80% of posts featuring articles that push baseless, misleading or misrepresented claims about the alleged existence of US-funded bioweapons labs in Ukraine were not labelled by Facebook.
New analysis by the Center for Countering Digital Hate finds that Facebook is failing to label 80% of posts featuring articles that push baseless, misleading or misrepresented claims about the alleged existence of US-funded bioweapons labs in Ukraine – a narrative heavily promoted by the Russian state and its media outlets.
Last week, the US government accused Moscow of manufacturing a false narrative around alleged US-funded bioweapons labs to justify a possible use of chemical weapons in Ukraine. In the US, several right-wing pundits and outlets have misrepresented statements by American government officials on the issue and amplified the baseless Russian narrative online. The bioweapons labs myth has evolved into one of the most prominent misinformation campaigns surrounding the ongoing war in Ukraine and received significant amplification on social media platforms.
In reality, the US Department of Defense has provided funding for research laboratories in Ukraine since 2005 through its Biological Threat Reduction Program, which helps secure laboratories in several countries against the threat of intentional or accidental dangerous pathogen outbreaks.
To assess Facebook’s use of fact-checking labels on posts featuring articles that contained false claims about bioweapons labs, misrepresented statements made by US officials, or made misleading claims about existing Ukrainian biological laboratories, CCDH researchers used the social analytics tool NewsWhip to assess over 120 articles.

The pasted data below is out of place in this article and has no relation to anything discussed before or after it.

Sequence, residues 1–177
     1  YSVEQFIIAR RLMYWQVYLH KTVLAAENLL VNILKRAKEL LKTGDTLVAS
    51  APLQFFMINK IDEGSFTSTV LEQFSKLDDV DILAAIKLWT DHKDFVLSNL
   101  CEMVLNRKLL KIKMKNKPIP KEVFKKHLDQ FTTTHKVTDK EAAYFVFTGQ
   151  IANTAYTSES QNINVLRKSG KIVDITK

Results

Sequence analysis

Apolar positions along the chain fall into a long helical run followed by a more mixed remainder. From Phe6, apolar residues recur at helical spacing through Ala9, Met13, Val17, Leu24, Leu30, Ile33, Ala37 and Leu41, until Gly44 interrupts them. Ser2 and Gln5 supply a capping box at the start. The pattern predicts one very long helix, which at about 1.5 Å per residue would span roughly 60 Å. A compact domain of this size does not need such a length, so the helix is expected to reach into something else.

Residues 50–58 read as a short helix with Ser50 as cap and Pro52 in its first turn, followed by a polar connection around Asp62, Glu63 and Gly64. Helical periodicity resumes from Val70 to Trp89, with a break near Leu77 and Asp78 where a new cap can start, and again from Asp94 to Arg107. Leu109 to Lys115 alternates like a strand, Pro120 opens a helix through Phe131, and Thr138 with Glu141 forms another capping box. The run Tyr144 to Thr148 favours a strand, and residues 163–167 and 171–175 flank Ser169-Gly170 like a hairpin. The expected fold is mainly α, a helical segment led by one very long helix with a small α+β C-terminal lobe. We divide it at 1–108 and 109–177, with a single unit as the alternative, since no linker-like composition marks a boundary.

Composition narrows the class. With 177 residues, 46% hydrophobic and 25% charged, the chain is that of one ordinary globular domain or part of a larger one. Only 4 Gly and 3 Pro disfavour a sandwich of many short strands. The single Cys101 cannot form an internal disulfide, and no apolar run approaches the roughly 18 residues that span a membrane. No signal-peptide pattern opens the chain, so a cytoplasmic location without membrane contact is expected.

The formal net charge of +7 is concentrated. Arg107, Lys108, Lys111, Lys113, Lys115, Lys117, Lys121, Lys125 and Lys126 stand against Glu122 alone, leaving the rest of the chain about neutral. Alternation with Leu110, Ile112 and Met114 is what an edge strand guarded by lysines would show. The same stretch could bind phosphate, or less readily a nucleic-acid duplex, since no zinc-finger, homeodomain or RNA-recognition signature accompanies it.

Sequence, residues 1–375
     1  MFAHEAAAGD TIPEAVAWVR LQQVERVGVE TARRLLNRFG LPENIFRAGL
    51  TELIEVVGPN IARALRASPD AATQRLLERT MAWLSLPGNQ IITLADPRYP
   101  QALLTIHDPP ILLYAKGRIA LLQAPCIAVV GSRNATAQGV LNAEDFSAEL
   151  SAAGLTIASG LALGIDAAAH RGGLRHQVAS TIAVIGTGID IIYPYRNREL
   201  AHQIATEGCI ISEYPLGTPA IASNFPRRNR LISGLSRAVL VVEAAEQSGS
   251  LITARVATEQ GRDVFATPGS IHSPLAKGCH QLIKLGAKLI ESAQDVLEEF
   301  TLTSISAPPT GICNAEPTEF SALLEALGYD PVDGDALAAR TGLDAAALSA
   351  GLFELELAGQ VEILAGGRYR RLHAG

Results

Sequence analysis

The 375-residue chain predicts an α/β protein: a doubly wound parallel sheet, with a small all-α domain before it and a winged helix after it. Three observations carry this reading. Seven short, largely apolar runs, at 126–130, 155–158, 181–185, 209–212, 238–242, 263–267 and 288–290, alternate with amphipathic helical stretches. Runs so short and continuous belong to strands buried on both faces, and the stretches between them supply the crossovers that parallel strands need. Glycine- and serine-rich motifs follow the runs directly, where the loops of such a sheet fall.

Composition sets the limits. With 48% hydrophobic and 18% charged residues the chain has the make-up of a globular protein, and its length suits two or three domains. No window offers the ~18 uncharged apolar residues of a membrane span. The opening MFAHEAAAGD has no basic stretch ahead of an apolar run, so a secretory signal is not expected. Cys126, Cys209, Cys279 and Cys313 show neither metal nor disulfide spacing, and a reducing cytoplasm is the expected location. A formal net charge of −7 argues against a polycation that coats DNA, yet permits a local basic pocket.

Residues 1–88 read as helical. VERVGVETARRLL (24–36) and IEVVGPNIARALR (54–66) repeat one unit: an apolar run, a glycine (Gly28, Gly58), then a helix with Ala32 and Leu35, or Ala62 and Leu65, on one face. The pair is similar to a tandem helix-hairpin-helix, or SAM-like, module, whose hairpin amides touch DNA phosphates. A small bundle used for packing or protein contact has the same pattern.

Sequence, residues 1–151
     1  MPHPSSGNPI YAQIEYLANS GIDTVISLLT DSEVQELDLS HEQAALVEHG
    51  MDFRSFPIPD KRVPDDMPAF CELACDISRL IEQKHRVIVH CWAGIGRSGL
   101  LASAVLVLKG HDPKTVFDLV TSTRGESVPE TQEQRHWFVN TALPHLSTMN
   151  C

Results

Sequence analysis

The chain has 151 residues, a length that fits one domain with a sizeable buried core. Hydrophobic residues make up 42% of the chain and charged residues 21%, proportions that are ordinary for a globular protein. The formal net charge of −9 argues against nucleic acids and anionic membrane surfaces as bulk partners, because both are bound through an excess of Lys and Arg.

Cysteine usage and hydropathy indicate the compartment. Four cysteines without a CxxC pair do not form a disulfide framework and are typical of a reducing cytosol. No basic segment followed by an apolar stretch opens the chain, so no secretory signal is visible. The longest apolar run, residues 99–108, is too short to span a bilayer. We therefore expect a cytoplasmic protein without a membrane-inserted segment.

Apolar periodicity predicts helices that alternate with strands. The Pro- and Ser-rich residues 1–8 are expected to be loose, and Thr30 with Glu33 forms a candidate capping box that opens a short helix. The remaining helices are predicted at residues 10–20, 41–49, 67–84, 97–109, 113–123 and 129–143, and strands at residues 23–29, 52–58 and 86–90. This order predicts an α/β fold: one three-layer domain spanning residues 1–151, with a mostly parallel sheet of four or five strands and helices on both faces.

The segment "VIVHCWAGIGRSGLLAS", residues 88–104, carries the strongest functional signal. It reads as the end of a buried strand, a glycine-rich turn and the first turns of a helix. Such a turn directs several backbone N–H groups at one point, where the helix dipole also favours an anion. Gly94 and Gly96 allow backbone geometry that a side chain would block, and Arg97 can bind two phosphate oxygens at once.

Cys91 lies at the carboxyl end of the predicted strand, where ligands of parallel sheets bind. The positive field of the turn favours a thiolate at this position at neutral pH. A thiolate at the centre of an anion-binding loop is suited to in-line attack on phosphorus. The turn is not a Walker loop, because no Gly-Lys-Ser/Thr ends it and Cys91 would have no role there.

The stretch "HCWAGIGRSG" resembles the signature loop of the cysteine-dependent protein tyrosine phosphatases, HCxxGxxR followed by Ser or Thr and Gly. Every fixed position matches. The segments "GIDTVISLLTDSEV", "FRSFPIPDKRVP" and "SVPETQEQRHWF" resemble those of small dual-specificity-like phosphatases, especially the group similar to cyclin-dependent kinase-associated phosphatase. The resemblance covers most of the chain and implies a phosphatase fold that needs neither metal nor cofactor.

Using Meta’s own CrowdTangle analytics tool, researchers then identified the top public Facebook post for each article in the sample, recording whether or not it was labelled and how many interactions it had received from Facebook users.
They found that 80% of the most popular posts associated with articles in the sample carried no warning labels, while 20% did, including 11 “missing context” labels, 4 “partly false information” labels and 9 “false information” labels. Articles in the sample had received over 150,000 likes, comments and shares on Facebook and all were published between 24 February and 14 March 2022.
Facebook currently applies three different types of fact-checking labels to articles in the sample.
- A “missing context” label for articles deemed by independent fact-checkers to contain information that could “mislead people.”
- A “partly false information” label for articles deemed by independent fact-checkers to contain information that has “some factual inaccuracies”.
- A “false information” label for articles deemed by independent fact-checkers to contain information that has “no basis in fact”.
The Center of Countering Digital Hate is calling on Meta to expand the use of its existing “missing context” label to all articles pushing misleading or misrepresented claims surrounding this topic as well as articles pushing Russian state narratives without context. CCDH also calls on Meta to thoroughly enforce its “false information” and “partly false information” labels and the related fact-checks to counter the amplification of this content on its platforms.